The free-revving Porsche V10 is rem­i­nis­cent of a V12 from


Maranello in pre-Ber­linetta days. The sheer speed with which those revs rise and fall, com­bined with the power avail­able and the smooth­ness of its de­liv­ery, is hard to de­scribe, but imag­ine a pure-breed race­horse crossed with a pit bull ter­rier and you might have some idea of the vi­o­lence and flex­i­bil­ity.

Es­sen­tially, this 5.7-litre V10 hasn’t aged a day, even when com­pared to the V10 in a Lam­borgh­ini Hu­ra­can or McLaren’s twin-turbo V8. If any­thing it’s even bet­ter be­cause with the re­cent ob­ses­sion with flat torque curves, we’ve be­gun to for­get the plea­sure of feel­ing revs and power rise to their lim­its in a pro­gres­sive, nat­u­ral way. The GT’s V10 takes you straight to a vir­tual Mul­sanne Straight (it’s based on an en­gine de­vel­oped for Le Mans, af­ter all) in less time than it takes to write it.

Han­dling-wise, the Car­rera GT starts with an un­fair ad­van­tage – it weighs only 1470kg with all flu­ids. That makes it a light­weight com­pared to the chunky 959 (1603kg) and the rel­a­tively porky 918 (1674kg) and goes a long way to ex­plain­ing its amaz­ing dy­namism. Yes the car de­mands your at­ten­tion and lib­er­ties should not be taken lightly, but that level of fo­cus is to be ex­pected in a car like this. It’s the finest of fine arts.

Then there’s the 959. Climb­ing into it gave me a strange sen­sa­tion of be­ing a child again. Back then the very first Weis­sach su­per­car was fight­ing it out for wall space above my bed with posters of the Ferrari 288 GTO and F40 and Lam­borgh­ini Coun­tach (purists will ar­gue the Lambo is not a su­per­car, but it al­ways will be for me). The cabin is ex­actly as I’d al­ways imag­ined it, sober and sen­si­ble with lots of per­fectly leg­i­ble di­als and er­gonomics from another era – the ’80s.

Un­like the Car­rera and 918 which give you the im­pres­sion you’re strapped into the space shut­tle, the 959 makes you feel like you’re sit­ting in... a 911. Well, what ap­pears to be a 911, at least, be­cause this test car is par­tic­u­larly spe­cial.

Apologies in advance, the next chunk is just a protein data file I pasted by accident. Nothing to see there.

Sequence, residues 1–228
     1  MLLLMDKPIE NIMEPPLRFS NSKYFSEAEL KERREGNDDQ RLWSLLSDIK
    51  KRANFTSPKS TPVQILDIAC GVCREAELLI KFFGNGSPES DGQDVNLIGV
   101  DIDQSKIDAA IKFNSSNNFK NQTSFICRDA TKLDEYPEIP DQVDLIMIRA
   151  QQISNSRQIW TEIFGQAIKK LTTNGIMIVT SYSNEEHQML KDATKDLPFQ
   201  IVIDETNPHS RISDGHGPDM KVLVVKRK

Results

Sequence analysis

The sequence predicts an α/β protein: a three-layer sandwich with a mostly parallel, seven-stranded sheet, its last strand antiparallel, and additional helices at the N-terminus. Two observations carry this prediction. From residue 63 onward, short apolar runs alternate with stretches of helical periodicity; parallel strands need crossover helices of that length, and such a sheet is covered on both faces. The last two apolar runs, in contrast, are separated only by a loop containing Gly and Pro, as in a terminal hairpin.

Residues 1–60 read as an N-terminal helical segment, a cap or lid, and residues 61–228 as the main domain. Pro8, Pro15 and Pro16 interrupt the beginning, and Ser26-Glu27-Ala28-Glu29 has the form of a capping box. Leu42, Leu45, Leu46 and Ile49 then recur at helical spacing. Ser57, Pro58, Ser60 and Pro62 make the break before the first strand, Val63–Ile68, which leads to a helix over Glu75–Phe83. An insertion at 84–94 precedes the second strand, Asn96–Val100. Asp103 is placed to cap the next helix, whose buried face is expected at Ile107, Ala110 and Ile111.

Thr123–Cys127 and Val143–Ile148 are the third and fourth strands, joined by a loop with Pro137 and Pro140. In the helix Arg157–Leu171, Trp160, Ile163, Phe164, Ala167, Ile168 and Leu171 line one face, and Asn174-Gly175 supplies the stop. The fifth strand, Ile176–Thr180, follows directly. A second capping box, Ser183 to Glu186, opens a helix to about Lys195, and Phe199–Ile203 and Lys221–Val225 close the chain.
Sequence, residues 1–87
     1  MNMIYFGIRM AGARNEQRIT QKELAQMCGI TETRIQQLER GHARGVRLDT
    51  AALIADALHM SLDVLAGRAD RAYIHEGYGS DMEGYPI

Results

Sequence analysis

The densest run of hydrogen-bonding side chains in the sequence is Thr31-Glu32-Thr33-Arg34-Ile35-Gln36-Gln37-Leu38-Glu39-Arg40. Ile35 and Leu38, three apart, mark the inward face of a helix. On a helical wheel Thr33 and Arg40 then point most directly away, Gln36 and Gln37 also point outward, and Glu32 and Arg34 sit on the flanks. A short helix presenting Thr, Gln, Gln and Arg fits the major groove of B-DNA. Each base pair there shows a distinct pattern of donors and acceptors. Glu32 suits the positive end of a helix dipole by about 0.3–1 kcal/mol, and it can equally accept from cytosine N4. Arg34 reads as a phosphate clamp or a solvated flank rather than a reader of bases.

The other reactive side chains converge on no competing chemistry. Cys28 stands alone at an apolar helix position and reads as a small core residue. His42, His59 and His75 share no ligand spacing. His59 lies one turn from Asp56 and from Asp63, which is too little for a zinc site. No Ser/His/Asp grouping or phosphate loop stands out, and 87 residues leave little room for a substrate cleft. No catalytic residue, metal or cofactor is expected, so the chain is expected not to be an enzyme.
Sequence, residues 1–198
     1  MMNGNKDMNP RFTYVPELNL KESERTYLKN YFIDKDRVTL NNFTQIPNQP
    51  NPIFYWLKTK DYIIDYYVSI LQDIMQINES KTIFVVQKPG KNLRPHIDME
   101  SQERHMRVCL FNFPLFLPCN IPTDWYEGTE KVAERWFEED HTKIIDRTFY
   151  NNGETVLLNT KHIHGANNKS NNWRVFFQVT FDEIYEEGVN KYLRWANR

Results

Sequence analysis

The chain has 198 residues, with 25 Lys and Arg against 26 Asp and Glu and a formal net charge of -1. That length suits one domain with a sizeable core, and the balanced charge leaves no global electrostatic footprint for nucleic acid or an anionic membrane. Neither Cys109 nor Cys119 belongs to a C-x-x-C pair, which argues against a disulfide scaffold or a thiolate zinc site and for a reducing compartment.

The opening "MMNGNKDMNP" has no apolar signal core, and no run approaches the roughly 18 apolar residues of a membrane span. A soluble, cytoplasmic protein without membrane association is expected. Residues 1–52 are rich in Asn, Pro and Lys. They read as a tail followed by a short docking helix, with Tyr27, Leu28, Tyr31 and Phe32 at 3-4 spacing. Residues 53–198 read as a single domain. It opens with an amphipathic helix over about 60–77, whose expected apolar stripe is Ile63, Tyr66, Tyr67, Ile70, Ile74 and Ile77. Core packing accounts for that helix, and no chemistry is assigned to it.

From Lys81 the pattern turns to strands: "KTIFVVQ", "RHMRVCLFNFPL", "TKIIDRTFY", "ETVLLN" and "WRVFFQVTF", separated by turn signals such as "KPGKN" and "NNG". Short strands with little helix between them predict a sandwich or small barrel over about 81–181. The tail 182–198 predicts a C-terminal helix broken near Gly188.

A twist of the key fires up the 2.85-litre flat-six and the cabin fills with fa­mil­iar air-cooled Porsche sounds and vi­bra­tions, an­chor­ing the 959 in a long and very fine line of pre­de­ces­sors. If any­thing ac­tu­ally ages the in­te­rior it’s the floor-mounted ped­als – another throw­back – but you get used to those quickly.

Within the first me­tres, though, it is clear that the 959’s DNA is 110 per cent pure Porsche, with light, ul­tra-di­rect steer­ing, ex­cel­lent brak­ing, and a highly civilised pow­er­train. We’re be­ing re­spect­ful due to the age and value of the car, but when you start to squeeze the throt­tle it feels like you’re pulling back on a cat­a­pult. Grad­u­ally the tacho nee­dle winds 'round to 5000rpm then there’s an ex­plo­sion of power and torque, the sort that floors you and dev­as­tates ev­ery­thing in its way.

This 959 is a can­non ball, a bomb, and that’s be­cause it’s an ‘S’ or Sport model, one of 29 built in ad­di­tion to the 292 reg­u­lar ‘Kom­fort’ mod­els. It’s around 100kg lighter, too, due mostly

to the elim­i­na­tion of com­puter-con­trolled damp­ing, air-con, ra­dio and rear seats. The elec­tric win­dows and right-hand mirror were kept for the sake of con­ve­nience, but it does have a roll cage so it’s some­thing like a 959 GT3, ahead of its time.

This rare Porsche is one of the last three built by the fac­tory and has an up­graded en­gine with newer Motronic-con­trolled fuel in­jec­tion and big­ger tur­bocharg­ers that raise power to 419kW. It’s chas­sis num­ber 29, which Porsche lists as a 961 (the race de­riv­a­tive) and this meant a lot of pa­per­work was re­quired be­fore it could be reg­is­tered and given the model des­ig­na­tion of ‘959 X’.

It is the only 959 X in the world and its per­for­mance lev­els are much higher than the car orig­i­nally tested by Auto, Mo­tor

und Sport who recorded a 0-100km/h time of 3.35sec and 11.9sec for 0-200km/h. And with its higher power out­put, it V-maxes at 344km/h, which means this ’80s su­per­car is al­most as fast as a 918 Spy­der hy­per­car!

These three Porsche master­pieces are time­less, like a paint­ing by Da Vinci or Pi­casso, and will re­main so re­gard­less of their age. The real genius of the team at Weis­sach is con­tin­u­ing to en­gi­neer and build high-per­for­mance supercars that are eas­ily drive­able in every­day, real-life con­di­tions and this amaz­ing engi­neer­ing trip­tych is tes­ta­ment to that vi­sion.

ABOVE Car­rera GT is an old-school Porsche with three ped­als and a tra­di­tional shifter, but the tricky clutch takes some get­ting used to

OP­PO­SITE Three gen­er­a­tions of speed kings demon­strate the non-stop evo­lu­tion of supercars from Stuttgart

ABOVE RIGHT The 959’s aus­tere cabin is pure ’80s, but its er­gonomics are solid and di­als leg­i­ble; handy when you’re on the wrong side of 300km/h

LEFT When the 959 and Car­rera GT’s fuel tanks run dry, the 918 Spy­der brings out its party trick: 30km range on elec­tric power

LEFT Ul­tra-rare road-reg­is­tered 959 X based on 961 race model. Big­ger tur­bos and up­graded ECU pump up power to a heady 419kW THE 959 X V-MAXES AT 344KM/H, WHICH MEANS THIS '80s SU­PER­CAR IS AL­MOST AS FAST AS THE 918 HY­PER­CAR